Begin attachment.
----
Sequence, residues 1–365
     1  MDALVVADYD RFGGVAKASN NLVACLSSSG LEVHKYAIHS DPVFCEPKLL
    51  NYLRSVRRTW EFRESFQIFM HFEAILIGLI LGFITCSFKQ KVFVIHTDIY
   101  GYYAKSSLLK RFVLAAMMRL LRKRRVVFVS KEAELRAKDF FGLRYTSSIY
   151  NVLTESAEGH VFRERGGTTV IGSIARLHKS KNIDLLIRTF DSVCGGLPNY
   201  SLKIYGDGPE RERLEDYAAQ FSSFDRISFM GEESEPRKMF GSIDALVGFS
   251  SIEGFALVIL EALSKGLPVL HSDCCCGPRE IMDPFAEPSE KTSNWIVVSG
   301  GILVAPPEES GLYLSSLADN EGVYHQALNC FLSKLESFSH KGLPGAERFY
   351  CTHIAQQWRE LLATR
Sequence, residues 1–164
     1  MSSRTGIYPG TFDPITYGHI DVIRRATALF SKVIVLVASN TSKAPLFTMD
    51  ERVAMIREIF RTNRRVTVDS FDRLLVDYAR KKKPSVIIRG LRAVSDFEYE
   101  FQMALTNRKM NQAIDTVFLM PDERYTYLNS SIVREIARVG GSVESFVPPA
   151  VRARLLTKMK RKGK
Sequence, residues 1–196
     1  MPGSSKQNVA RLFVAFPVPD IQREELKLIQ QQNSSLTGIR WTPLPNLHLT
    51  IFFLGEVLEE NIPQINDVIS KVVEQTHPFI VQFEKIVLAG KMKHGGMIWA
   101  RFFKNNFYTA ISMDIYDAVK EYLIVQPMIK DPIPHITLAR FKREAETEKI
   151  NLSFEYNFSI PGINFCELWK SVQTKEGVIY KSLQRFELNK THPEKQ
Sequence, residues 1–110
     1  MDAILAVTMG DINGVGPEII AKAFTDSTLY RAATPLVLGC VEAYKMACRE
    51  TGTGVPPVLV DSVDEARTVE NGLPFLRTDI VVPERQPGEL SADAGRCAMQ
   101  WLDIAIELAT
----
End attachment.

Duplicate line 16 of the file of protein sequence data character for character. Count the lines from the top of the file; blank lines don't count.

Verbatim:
     1  MPGSSKQNVA RLFVAFPVPD IQREELKLIQ QQNSSLTGIR WTPLPNLHLT